change in the goods which are subjected to the process of manufacturing
leading to the production of a commercially new article. In determining
what constitutes 'manufacture' no hard and fast rule can be applied and
each case must be decided on its own facts having regard to the context
in which the term is used in the provision under consideration.
13. The term manufacture has been
defined by the Black Law Dictionary (5th Edition) as under:Manufacture :
The process or operation of making goods or any material produced by
hand, by machinery or by other agency; anything made from raw materials
by the hand, by machinery, or by art. The production of articles for use
from raw or prepared materials by giving such materials new forms,
qualities, properties or combinations, whether by hand labor or machine.
14. The word manufacture has been
defined in Halsbury s Laws of England, 3rd Ed. Vol. 29 p.23 as under:-
Manufacture has been defined as a manner of adapting natural materials
by the hands of man or by man-made devices or machinery and as the
making of an article or material by physical labour or applied power ;
but the practice is to accept as manufacture a wider range of industrial
activities than such a definition would suggest. It includes articles
made in situ as well as articles made in a factory.
15. The Supreme Court of the United
States of America has defined the term manufacture a century ago in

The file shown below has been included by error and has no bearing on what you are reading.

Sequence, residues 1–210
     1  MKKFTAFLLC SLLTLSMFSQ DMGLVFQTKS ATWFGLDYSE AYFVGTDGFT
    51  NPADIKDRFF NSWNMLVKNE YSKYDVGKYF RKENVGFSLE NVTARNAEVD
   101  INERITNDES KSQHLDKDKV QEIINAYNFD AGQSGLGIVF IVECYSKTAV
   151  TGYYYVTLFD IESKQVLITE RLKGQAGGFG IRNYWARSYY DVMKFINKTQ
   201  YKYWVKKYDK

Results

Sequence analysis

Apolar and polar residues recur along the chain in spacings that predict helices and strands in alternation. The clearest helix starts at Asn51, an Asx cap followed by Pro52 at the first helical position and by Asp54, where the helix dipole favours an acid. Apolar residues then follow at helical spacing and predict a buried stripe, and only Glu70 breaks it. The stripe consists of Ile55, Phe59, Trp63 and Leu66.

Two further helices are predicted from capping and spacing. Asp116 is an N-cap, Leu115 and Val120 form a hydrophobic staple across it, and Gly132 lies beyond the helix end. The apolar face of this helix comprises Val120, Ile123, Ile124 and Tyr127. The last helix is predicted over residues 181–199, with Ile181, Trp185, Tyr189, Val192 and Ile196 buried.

Anheuser-Busch Brewing Assn. v. United States (1907) 52 L Ed. 336.
The definition has been followed in subsequent American, English and
Indian cases. The definition reads as under: Manufacture implies a
change, but every change is not manufacture, and yet every change in an
article is the result of treatment, labour and manipulation. But
something more is necessary. ..There must be transformation; a new and
different article must emerge, having a distinctive name, character or
16. In Black s Law Dictionary (5th Edition), the term production has
been defined as under:
Production. Process or act of producing. That which is produced or made;
i.e. goods. Fruit of labor, as the productions of the earth,
comprehending all vegetables and fruits; the productions of intellect,
or genius, as poems and prose compositions; the productions or art, as
manufactures of every kind.
17. The term produce , as defined in
the New Webster s Dictionary of the English Language (Deluxe
Encyclopedic Edition), is as follows:
Produce, To bring forth into existence; to bring about; to cause or
effect, esp. intellectually or creatively; to give birth to; to bear,
furnish, yield; to make accrue; to bring about the performance of, as a
movie or play; to extend, as a line.- v.i. To bring forth or yield
appropriate offspring, products, or consequences.
18. This Court in Deputy
Commissioner of Agricultural Income-tax & Sales Tax, Central, Zone,
Ernakulam v. M/s Palampadam Plantations Ltd. AIR 1969 SC 930 had
considered the meaning of the term produce used in the Kerala General
Sales Tax Act, 1963. The expression used was the person who sells goods
produced by him by manufacture, agriculture, horticulture or otherwise.
19. The expression produced was
given a wider meaning than the word manufacture pointing out that the
word produced will include an activity of manufacturing the materials by
applying human endeavour on some existing raw material, but the word
produce may include securing certain produce from natural elements, for